British cinema sits in European cinema as comfortably as the UK sits in Europe. Although geographically European, the UK shares the common law with Commonwealth countries and the U.S. Continental Europe uses civil law. Both copyright law (common law) and author’s rights (civil law) treat culture as commercial property and share a romantic conception of authorship. However, UK and Continental conceptions of film, definitions of film authors, and priorities for film reflect divergent social values. Comparing UK and French intellectual property laws illustrates this divergence.
From the 1910s film critics and theorists worldwide have explored film’s artistic and moral qualities. Copyright law privileged film’s commercial value. The 1911 UK Act assigned photographic negatives to producers and dramatic works to key production staff, typically directors and writers. Effective commercial exploitation then required assignment of dramatic rights to producers, with contract law regulating employment relationships. France did not incorporate film into intellectual property law until 1957, but by the mid-1930s also treated films as entrepreneurial works.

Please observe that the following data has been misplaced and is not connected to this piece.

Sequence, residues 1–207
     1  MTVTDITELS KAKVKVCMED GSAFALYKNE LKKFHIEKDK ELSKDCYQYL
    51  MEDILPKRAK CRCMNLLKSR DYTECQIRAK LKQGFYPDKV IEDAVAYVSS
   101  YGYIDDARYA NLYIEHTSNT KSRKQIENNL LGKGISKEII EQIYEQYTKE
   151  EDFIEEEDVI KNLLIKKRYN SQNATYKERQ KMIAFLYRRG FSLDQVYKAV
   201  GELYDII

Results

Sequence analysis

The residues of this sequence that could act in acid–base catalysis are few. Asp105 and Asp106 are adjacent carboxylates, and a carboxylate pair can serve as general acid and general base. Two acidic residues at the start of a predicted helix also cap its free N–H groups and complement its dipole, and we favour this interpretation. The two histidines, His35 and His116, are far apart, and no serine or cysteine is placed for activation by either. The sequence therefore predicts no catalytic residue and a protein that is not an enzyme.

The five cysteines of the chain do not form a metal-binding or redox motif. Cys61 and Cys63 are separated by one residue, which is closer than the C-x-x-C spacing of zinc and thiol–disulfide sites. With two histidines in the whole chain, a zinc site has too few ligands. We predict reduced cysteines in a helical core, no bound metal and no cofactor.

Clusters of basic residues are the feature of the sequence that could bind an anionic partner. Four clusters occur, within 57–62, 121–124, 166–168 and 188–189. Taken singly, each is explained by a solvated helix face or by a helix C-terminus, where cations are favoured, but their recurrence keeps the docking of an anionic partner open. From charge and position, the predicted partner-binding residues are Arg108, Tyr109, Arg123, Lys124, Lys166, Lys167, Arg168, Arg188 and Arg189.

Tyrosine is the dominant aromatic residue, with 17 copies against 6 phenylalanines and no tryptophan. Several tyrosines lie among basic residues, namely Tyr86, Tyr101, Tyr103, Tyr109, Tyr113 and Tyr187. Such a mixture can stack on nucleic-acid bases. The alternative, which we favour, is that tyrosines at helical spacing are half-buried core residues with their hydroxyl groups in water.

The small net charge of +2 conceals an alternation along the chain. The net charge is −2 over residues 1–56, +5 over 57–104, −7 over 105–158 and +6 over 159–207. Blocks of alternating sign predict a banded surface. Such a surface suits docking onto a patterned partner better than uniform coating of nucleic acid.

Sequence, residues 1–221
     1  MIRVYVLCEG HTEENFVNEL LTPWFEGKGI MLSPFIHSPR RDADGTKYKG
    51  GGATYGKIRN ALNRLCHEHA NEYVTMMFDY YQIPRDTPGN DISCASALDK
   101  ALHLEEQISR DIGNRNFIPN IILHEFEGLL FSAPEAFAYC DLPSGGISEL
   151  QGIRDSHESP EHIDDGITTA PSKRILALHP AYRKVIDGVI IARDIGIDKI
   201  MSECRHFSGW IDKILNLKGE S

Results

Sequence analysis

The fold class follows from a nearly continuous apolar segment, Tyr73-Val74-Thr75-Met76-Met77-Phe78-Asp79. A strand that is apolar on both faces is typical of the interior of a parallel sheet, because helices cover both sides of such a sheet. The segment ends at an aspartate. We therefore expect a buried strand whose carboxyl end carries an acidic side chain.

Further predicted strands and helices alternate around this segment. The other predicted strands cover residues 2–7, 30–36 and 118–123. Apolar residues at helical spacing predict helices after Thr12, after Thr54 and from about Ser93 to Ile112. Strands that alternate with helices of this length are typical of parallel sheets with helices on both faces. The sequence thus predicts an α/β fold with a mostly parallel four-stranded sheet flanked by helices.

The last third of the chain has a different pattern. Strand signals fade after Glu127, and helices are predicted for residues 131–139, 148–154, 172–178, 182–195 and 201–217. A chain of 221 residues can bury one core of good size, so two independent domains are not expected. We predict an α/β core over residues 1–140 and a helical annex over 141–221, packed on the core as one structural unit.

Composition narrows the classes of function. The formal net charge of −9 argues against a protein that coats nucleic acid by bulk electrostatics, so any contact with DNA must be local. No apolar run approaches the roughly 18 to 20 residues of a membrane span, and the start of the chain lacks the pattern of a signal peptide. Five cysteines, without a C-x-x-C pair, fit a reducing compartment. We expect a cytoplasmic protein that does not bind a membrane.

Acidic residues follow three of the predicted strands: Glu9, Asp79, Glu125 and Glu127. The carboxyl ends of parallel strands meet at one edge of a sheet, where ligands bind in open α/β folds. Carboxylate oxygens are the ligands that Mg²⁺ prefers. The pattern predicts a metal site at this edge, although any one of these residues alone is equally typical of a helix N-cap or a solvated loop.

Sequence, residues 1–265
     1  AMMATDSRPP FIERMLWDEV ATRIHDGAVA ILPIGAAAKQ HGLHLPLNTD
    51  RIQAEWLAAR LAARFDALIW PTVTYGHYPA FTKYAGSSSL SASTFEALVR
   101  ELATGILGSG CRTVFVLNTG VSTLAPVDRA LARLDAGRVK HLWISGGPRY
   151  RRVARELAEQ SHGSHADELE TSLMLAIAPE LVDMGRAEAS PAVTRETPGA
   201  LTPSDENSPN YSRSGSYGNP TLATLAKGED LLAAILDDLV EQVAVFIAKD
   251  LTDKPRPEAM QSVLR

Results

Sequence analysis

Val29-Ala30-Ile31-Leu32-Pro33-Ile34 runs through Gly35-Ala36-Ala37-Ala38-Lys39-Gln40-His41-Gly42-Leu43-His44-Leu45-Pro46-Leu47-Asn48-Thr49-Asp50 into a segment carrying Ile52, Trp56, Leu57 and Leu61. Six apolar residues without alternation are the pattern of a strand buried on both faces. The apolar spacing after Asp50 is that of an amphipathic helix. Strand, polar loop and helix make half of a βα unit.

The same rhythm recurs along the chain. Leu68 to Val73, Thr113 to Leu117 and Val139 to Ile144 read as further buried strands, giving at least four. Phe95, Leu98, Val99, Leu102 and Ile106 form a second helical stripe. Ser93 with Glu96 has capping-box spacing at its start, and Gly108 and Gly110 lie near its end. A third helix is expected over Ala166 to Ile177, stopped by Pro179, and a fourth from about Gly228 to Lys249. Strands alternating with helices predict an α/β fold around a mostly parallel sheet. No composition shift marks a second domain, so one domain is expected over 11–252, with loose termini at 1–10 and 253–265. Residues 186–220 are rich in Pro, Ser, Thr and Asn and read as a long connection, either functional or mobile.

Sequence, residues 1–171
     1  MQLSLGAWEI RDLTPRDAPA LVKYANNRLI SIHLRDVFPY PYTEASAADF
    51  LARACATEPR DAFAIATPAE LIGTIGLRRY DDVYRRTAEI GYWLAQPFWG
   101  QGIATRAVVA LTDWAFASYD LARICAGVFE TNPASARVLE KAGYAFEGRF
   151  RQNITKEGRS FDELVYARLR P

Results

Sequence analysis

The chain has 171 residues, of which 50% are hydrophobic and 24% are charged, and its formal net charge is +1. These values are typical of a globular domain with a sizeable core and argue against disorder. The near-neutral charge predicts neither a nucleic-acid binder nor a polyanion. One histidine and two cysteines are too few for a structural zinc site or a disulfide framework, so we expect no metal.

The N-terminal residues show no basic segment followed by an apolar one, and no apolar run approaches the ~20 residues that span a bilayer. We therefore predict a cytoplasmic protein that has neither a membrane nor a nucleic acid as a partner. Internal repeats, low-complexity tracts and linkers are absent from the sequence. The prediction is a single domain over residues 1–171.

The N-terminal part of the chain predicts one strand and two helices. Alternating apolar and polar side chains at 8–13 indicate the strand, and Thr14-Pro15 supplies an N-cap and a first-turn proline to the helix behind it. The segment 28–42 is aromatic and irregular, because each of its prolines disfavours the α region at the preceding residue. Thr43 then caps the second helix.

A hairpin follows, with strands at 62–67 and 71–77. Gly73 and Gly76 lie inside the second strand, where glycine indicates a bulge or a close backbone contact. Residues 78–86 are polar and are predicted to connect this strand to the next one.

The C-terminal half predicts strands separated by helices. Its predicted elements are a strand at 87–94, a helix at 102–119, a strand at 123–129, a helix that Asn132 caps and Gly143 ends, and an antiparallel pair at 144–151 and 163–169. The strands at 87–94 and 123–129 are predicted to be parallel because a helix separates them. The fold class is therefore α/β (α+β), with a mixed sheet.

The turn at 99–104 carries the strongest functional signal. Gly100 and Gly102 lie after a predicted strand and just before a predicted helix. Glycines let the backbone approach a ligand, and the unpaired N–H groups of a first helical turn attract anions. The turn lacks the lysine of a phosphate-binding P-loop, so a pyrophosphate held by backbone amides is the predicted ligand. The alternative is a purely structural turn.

1950s European laws diverged. In 1956 the UK classified films as entrepreneurial works, assigning all rights to producers. Unlike artistic works, films had no originality criterion. The UK Copyright, Designs, and Patents Act 1988 [CDPA], as enacted, differed little in practice. In contrast, the 1957 French Act listed directors and authors of scenarios, adaptations, dialogue, and music as co-authors with moral and economic rights. Producers held neighbouring exploitation rights. British law favoured commerce, French law favoured authors.
A 1992 European Union copyright harmonisation directive required member states to list principal directors as authors or co-authors. Harmonisation did little to shift British priorities. The subsequent amendment to CDPA echoed the 1911 Act in structure and practice, leaving producers unfettered. Despite harmonisation, the values of British cinema remain aligned with those of common law countries rather than the Continent.
Sellors, C. P. (2015, November). Disharmony in European Film Copyright. Paper presented at European Cinemas, Intercultural Meetings: Aesthetics, Politics, Industry, History, University of Copenhagen